A Grier-Musser Valentine

Valentine’s Day Memorabilia at the Grier-Musser Museum

On Sunday, Martine and I stopped in at the Grier-Musser Museum in the shadow of Downtown L.A. to see their Valentine’s Day memorabilia. Of late, Susan and Rey Tejada have been concentrating on paper in the form of old-fashioned images on postcards, greeting cards, and books—especially with pop-up illustrations.

There’s something about seeing this type of material in the Victorian mansion on Bonnie Brae Street that sends you back in time. Afterwards, we sat down with Rey and Susan over cookies and punch and talked for a couple of hours.

Although I got Martine a card for Valentine’s Day, we both decided to go out for lunch on the day after, when we were less likely to run into crowds. So tomorrow we will have a nice English lunch at Ye Olde King’s Head in Santa Monica. It is a great place to have fish and chips or bangers and mash or Cornish pasties. Fortunately, one is not likely to encounter such downmarket English cuisine items as spaghetti sandwiches or baked beans on toast.

Martine and I hope you enjoyed this little gem of a holiday. Why do I call it that? I would rather honor the love I feel than some bogus political or historical event, such as Columbus “discovering” America. After all, wasn’t he met at the beach by the local residents?

The Origin of Valentines Day

When I was a child at St. Henry’s Elementary School in Cleveland, Ohio, I studied in religion class how the holiday began. Apparently there was a Saint Valentine. Actually, there were three of them; the one after whom the holiday was named was called Saint Valentine of Rome. According to the Catholic Online web site: “St. Valentine is the Patron Saint of affianced couples, bee keepers, engaged couples, epilepsy, fainting, greetings, happy marriages, love, lovers, plague, travellers, and young people. He is represented in pictures with birds and roses and his feast day is celebrated on February 14.”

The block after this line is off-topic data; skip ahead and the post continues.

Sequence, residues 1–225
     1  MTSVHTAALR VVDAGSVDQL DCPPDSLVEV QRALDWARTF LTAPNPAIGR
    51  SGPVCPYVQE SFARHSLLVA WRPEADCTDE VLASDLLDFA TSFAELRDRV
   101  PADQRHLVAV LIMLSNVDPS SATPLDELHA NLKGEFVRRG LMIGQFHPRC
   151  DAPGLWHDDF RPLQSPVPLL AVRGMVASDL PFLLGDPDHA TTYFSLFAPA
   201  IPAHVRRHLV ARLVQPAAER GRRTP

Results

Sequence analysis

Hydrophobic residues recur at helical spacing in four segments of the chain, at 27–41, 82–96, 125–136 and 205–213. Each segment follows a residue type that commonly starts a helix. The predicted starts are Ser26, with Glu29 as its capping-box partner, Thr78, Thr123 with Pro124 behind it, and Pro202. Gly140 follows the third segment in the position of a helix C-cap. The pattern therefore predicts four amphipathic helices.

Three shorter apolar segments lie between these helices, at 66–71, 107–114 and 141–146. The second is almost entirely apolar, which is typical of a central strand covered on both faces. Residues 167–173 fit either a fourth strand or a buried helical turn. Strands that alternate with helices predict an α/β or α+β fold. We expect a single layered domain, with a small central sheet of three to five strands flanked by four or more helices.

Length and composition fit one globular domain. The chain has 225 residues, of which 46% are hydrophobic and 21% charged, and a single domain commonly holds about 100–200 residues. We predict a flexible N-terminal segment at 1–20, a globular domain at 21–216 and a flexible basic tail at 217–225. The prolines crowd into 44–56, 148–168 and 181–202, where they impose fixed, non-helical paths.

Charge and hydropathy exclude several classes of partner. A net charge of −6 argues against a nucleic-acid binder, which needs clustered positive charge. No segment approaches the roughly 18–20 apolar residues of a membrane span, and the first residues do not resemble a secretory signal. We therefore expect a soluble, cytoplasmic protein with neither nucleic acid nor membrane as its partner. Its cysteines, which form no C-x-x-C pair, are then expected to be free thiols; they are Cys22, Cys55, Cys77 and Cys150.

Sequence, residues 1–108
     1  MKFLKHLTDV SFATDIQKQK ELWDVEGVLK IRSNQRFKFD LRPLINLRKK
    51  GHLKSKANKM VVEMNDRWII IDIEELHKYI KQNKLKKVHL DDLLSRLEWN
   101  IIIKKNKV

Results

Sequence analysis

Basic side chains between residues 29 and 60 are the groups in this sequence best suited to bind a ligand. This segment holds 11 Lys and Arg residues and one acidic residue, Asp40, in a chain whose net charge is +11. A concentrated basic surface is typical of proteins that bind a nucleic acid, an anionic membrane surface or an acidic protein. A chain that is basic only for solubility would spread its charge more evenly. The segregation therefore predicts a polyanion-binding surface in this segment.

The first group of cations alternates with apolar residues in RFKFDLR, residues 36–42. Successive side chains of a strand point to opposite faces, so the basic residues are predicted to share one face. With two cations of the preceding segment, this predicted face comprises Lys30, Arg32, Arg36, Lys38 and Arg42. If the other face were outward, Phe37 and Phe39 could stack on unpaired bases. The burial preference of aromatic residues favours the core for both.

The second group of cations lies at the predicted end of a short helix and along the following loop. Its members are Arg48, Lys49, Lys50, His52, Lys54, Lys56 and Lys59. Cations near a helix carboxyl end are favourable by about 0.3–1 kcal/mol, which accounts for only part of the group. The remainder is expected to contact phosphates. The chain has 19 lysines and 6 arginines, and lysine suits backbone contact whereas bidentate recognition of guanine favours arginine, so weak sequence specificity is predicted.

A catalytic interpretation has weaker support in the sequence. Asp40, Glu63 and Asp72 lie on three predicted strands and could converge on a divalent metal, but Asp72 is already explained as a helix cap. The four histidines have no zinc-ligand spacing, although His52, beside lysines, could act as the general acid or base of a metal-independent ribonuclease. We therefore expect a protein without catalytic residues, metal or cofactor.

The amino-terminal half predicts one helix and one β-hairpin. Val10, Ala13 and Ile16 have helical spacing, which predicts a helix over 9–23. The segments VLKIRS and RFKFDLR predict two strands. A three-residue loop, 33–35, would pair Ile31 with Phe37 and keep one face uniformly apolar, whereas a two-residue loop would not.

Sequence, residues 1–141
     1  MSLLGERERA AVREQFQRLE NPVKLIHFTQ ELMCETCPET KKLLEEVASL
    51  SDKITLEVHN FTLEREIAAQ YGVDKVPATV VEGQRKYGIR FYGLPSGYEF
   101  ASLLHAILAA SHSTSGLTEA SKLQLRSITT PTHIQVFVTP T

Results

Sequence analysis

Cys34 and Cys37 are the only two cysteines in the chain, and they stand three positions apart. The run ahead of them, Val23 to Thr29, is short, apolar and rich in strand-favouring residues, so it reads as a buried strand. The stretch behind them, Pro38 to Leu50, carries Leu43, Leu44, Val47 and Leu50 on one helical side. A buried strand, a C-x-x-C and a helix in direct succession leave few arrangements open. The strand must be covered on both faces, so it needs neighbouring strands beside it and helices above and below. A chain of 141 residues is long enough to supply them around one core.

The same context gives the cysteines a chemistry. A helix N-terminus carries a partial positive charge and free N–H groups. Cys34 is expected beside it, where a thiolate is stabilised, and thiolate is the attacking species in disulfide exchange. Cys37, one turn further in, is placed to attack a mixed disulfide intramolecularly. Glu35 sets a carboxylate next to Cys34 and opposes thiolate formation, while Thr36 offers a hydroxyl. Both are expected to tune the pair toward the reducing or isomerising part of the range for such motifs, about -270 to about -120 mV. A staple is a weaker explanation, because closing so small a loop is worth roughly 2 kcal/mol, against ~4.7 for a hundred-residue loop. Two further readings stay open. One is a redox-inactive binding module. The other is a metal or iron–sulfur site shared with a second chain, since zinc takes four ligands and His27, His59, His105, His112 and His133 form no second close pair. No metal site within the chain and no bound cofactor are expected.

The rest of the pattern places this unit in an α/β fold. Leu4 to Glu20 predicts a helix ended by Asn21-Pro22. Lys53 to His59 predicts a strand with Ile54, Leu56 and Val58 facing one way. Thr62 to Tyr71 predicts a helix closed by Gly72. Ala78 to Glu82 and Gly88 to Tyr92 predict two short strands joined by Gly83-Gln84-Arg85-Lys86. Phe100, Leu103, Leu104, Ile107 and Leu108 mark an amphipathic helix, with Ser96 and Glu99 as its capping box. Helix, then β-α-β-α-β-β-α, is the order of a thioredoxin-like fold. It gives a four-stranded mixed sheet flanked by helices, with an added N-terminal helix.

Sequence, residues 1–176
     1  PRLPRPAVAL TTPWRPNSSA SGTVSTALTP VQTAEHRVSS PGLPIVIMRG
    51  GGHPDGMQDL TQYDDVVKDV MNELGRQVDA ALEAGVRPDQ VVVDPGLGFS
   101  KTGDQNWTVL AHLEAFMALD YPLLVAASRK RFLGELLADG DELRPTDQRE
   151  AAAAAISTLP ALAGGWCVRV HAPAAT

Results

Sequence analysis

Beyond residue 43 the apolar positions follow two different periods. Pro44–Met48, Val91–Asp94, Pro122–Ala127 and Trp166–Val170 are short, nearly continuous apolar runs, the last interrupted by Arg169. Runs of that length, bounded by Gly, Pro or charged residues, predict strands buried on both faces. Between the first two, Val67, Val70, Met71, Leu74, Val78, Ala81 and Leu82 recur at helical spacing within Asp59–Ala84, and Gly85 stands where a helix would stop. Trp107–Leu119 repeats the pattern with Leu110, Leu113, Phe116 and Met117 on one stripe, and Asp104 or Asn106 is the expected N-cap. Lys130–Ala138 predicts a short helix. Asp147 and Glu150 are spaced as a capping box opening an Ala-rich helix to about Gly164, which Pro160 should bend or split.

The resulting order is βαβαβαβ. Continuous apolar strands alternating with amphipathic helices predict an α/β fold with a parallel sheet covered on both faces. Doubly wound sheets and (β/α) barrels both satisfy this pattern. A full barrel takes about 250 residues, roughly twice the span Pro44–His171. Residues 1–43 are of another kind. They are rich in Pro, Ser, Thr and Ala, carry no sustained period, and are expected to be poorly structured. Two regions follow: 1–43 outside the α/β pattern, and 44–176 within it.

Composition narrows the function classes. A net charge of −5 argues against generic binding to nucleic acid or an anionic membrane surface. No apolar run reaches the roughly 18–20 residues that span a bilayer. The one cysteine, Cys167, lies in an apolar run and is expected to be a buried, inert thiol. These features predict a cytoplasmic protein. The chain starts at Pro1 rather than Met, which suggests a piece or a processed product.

I find it interesting that Valentine is also the patron saint of epilepsy, fainting, and plague. This seems to go against all the lovey dovey stuff, but then that happens fairly frequently with the saints.

When I wish Martine a Happy Valentines Day tomorrow morning, I will of course refrain from bringing up all the negative stuff.

Some Kewpie Dolls for You

Kewpie Dolls at Grier Musser Museum

Kewpie Dolls at Grier Musser Museum

I had always heard of kewpie dolls before, but today was the first time I saw some of them. Apparently, they were originally a comic strip character invented by Rose O’Neill back in 1909. Their popularity took a number of forms, and they were popular and well-known through the 1940s. I always associated them with game prizes given at carnivals.

If you look closely, you will see my hands wrapped around my Canon PowerShot A1400 reflected in a mirror behind the dolls. Martine and I had paid another visit to the Grier Musser Museum, where there was an exhibit of antiques relating to Valentine’s Day, Chinese New Year, and Black History Month.

Afterwards, we had a nice conversation with Ray and Susan Tejada, who own the museum and live on the premises. Visitors to their special Sunday tours are treated to cookies and punch, which Martine loves.